Conferences and Events
Conferences and Events
Spain´s first Natural Capital Summit to take place in October
The first Spanish Natural Capital Summit will take place in Madrid on 5-6 October and is organized by Ecoacsa Biodiversity Reserve in collaboration with Fundación Global Nature and Fundación Conama. The Summit is supported by the European Commission through the Business@Biodiversity initiative.
The summit aims to introduce natural capital approaches and their associated opportunities by presenting initiatives and case studies from around the world.
The conference offers the opportunity to learn about how organizations both impact and depend on the earth's stock of natural capital, and how these relationships can be identified, measured and valued. Readers are invited to submit a session proposal for the Natural Capital Summit. Please send proposals to firstname.lastname@example.org
Natural Capital | Let's talk business! 23-25 November 2016, The Hague (NL)
The international conference "Natural Capital | Let's talk business!" will take place on November 23-25 2016 at the Fokker Terminal in The Hague (the Netherlands). This conference will explore how conservation and sustainable use of nature can be part of doing business, and how companies can seize sustainable development opportunities. Registration is now open.
The third Annual Conference of the EU B@B Platform will take place on 23 November 2016 back to back with the Natural Capital | Let's talk business! Conference. The 2016 Annual Conference will be hosted at the Confederation of Netherlands Industry and Employers (VNO-NCW) in The Hague. It will present an opportunity for the EU B@B Platform's members and other businesses to learn about the work of the EU B@B Platform and exchange their views on the critical issues linked to business and biodiversity.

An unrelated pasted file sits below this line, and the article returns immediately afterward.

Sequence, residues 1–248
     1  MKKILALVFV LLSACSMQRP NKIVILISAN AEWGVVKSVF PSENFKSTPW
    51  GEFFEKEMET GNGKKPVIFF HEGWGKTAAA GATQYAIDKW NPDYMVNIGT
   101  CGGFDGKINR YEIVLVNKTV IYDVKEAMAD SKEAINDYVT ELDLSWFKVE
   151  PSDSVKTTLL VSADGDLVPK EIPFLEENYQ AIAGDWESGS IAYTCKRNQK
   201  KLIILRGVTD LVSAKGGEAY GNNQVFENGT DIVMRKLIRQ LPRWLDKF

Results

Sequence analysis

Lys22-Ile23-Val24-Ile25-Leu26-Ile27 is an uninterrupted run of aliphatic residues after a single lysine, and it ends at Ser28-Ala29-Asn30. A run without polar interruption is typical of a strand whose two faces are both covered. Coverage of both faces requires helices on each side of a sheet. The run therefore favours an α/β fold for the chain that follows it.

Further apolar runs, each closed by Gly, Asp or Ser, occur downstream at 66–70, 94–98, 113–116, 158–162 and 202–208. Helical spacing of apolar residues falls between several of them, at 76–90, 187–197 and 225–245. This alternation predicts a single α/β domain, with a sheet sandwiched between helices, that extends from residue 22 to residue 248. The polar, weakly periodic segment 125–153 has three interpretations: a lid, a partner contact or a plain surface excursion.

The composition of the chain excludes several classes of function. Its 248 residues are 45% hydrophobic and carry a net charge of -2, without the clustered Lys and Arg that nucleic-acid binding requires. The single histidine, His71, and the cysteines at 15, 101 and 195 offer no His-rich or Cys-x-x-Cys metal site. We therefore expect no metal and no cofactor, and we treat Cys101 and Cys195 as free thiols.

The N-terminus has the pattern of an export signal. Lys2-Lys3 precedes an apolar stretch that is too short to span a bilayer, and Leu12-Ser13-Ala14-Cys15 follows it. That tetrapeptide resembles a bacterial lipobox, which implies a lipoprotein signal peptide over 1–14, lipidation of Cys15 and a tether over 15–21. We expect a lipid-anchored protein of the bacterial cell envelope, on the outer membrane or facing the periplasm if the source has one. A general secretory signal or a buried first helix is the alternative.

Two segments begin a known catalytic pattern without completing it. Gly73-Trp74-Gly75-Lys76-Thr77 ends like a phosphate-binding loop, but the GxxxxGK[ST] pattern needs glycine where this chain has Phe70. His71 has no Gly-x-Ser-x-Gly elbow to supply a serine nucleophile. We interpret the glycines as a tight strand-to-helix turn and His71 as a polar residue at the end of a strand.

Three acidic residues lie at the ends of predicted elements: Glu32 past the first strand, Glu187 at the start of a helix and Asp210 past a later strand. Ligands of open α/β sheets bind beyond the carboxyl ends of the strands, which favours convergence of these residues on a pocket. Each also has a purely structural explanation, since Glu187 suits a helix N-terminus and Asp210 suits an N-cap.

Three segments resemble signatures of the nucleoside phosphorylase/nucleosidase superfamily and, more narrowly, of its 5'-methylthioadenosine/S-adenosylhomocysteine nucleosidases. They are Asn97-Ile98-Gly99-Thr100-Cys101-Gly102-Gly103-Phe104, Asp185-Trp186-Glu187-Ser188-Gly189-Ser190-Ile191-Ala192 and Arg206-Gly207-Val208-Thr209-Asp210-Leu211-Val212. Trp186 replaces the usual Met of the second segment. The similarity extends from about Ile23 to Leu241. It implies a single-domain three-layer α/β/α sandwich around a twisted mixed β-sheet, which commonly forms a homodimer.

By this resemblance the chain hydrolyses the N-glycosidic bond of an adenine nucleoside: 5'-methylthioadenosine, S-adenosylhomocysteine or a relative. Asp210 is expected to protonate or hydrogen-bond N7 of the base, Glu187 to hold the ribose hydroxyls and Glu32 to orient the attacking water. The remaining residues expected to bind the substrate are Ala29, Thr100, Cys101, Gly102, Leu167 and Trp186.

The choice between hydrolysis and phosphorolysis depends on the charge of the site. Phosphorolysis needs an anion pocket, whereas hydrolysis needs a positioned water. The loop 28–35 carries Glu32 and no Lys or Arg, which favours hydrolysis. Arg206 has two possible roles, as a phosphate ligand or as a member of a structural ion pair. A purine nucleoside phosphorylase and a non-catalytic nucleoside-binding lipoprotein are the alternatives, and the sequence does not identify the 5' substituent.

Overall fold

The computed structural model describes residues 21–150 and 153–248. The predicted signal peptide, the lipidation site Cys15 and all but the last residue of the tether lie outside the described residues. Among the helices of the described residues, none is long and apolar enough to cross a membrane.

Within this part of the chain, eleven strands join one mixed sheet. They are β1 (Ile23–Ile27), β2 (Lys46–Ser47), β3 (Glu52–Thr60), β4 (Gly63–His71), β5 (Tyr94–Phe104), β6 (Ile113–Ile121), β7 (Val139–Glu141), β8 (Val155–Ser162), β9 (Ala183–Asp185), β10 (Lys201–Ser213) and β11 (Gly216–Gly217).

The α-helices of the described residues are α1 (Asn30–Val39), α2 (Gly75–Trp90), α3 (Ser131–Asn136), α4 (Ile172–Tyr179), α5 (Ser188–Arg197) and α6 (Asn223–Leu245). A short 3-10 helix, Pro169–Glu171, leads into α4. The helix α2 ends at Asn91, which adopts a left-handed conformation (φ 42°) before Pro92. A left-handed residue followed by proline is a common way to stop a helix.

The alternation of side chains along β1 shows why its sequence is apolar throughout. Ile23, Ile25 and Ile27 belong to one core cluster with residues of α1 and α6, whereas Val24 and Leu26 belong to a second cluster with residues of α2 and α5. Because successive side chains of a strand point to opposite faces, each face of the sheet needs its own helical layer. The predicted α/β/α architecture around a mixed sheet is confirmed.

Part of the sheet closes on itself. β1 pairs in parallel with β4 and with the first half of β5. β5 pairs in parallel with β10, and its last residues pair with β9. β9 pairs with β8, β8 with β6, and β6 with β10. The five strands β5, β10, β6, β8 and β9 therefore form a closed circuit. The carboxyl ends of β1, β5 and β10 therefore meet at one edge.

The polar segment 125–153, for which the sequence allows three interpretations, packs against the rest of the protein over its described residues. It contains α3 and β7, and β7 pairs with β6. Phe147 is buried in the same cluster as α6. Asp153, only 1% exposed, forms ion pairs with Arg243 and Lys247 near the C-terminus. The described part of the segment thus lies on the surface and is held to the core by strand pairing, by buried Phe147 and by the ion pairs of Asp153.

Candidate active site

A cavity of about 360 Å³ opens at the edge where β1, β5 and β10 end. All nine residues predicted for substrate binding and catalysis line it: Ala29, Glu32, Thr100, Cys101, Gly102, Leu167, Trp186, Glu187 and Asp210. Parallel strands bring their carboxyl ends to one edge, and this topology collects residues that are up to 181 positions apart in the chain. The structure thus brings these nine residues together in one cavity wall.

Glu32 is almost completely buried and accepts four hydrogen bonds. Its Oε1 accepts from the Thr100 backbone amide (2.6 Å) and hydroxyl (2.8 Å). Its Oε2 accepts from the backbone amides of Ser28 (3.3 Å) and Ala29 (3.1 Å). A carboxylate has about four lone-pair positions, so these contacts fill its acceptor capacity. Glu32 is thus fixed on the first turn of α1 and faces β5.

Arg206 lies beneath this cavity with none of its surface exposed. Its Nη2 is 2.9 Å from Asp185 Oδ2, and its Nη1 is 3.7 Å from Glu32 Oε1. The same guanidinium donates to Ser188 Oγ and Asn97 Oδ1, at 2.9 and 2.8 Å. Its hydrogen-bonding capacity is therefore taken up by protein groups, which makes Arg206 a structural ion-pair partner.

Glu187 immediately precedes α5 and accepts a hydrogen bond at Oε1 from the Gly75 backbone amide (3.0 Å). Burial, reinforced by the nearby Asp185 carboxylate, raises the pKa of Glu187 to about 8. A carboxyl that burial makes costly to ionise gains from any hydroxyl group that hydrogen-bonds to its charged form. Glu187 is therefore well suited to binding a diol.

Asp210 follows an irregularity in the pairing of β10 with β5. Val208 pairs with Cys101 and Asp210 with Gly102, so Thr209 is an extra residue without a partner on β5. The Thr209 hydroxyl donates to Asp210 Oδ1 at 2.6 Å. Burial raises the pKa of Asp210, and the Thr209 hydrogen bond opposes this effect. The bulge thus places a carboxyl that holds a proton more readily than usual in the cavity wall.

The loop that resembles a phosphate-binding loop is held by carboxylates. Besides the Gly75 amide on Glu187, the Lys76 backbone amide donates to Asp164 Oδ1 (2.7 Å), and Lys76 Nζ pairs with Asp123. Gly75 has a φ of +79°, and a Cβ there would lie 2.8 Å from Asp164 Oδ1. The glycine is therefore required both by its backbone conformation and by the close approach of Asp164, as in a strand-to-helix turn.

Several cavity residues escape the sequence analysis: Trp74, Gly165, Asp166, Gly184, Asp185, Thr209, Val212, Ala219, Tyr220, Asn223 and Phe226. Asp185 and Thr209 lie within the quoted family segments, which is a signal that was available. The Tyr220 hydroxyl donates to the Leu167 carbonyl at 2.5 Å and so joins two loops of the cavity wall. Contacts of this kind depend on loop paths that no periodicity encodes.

CBD COP 13 Business and Biodiversity Forum
The 2016 CBD Business and Biodiversity Forum will take place in Cancun, Mexico on 2-3 December 2016 immediately prior to the start of the thirteenth Conference of the Parties (COP 13) to the CBD, which will be taking place 4 – 17 December 2016. The Forum will run in parallel with the Ministerial High-Level Segment of the COP.
The four "mainstreaming sectors" that will be highlighted throughout COP are: Agriculture; Forestry; Fisheries; and Tourism. A special dinner for business participants and ministers will be held in the evening of 2 December 2016. The Forum will also feature the 6th Meeting of the Global Partnership for Business and Biodiversity. Additional information is available here.
- The BBOP Secretariat Team
(Kerry ten Kate, Patrick Maguire, Amrei von Hase, Ray Victurine, Sebastian Winkler)